4. The learned Deputy Government Advocate has pressed only one point in support of this appeal. He has urged that, the amount of fine of Rupees 500/- was no doubt an immoral debt which had already been recovered during the lifetime of Harakchand but as regards the amount of Rs. 5,456/6 it is urged that it was not an immoral debt but an excise duty legally due from Harakchand, and should not have been adjudged as an immoral debt. He has submitted that no concession had been made on behalf of the State of Rajasthan before the trial court that the debt in question was 'avyavaharika'. In the alternative he has also argued that the State was not bound by such a concession inasmuch as whether the debt was 'avyavaharika' is a mixed question of fact and law and the State is not bound by such an admission made by its counsel.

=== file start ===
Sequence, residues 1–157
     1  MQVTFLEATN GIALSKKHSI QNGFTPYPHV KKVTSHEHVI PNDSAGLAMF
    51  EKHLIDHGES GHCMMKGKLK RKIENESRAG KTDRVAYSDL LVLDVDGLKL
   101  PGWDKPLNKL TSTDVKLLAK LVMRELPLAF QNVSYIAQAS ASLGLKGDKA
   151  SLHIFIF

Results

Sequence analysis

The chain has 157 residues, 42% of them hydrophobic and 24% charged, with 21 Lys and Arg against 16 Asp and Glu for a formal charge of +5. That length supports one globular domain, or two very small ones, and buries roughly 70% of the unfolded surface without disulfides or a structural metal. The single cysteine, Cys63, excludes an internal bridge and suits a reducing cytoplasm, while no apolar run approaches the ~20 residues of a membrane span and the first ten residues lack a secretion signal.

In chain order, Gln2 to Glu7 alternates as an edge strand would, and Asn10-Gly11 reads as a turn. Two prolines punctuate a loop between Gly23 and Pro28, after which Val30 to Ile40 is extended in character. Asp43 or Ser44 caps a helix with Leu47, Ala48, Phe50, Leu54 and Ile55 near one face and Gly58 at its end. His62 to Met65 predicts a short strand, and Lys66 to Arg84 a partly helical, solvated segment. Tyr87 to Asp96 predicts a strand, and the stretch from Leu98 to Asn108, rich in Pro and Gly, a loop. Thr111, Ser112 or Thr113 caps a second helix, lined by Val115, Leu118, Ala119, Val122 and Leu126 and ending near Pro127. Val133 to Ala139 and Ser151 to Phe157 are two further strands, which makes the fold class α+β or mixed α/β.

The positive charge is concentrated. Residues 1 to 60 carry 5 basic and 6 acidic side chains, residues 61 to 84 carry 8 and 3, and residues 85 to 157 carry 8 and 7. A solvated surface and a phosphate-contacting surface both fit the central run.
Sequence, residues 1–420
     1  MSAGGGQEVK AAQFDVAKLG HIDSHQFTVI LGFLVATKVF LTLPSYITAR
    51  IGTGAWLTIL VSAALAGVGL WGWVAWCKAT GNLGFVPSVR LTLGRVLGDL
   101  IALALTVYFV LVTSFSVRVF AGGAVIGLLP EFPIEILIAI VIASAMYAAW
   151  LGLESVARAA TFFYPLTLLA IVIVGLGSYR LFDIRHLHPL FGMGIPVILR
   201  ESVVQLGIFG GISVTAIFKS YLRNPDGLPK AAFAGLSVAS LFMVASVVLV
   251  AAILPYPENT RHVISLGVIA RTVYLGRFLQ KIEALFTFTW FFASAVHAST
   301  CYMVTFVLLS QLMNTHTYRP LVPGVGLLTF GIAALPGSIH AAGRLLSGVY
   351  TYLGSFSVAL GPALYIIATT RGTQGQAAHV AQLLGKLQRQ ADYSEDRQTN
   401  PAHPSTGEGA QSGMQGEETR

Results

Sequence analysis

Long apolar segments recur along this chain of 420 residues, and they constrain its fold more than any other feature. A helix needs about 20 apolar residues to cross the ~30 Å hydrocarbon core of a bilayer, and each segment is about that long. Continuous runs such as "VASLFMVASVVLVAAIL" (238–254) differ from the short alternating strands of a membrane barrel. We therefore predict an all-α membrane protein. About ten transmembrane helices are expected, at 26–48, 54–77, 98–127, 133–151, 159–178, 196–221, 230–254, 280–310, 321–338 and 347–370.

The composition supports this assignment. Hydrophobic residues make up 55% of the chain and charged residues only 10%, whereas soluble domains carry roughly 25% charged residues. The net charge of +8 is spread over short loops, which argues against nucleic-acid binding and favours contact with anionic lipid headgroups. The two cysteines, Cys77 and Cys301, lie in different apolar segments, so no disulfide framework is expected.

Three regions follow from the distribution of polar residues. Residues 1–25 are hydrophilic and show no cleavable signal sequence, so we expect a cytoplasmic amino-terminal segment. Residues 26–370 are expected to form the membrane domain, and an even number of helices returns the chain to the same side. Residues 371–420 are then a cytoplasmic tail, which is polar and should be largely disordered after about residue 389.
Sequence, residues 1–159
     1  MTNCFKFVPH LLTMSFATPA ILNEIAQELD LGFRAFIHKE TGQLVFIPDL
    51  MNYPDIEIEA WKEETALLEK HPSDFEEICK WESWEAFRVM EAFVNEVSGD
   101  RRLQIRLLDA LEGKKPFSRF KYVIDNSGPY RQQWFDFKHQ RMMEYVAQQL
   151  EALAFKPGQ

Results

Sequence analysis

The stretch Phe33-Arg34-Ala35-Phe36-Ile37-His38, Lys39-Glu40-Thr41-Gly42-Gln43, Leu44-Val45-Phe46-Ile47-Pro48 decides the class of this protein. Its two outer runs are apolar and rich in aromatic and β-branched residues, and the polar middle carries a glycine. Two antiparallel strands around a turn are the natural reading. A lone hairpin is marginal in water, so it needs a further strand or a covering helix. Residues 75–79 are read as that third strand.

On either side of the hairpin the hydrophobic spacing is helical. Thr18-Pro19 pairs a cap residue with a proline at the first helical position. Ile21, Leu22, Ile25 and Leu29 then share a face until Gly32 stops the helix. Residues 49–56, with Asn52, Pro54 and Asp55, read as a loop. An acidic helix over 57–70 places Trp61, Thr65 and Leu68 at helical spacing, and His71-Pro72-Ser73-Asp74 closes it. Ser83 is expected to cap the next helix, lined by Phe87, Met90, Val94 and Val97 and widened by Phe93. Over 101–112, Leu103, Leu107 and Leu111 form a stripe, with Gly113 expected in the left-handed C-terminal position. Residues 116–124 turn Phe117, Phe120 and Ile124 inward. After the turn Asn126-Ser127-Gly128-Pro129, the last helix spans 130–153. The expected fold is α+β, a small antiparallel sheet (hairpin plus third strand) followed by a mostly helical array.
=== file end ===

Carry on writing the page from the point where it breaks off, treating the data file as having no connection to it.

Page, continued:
5. On examining the record of the trial court I have found that issue No. 4, which is regarding the nature of the debt was heard as a preliminary issue without recording evidence on it. This, in my opinion, was not proper. But none of the parties raised any objection on this score either before the trial court or before the first appellate court. On the other hand it is stated in clear and unequivocal terms in the judgment of the trial court that the counsel for the defendant had frankly conceded on the point of fact that the debt was undoubtedly 'avyavaharika' and on this concession the learned Civil Judge recorded a finding against the defendants. No affidavit was filed on behalf of the State in the Court of the learned District Judge that the aforesaid statement in the judgment of the trial court was erroneous and no such concession had been made by the counsel for the State. In these circumstances, I find it difficult to hold that the statement contained in the judgment of the learned trial court about the concession made on behalf of the State of Rajasthan is erroneous.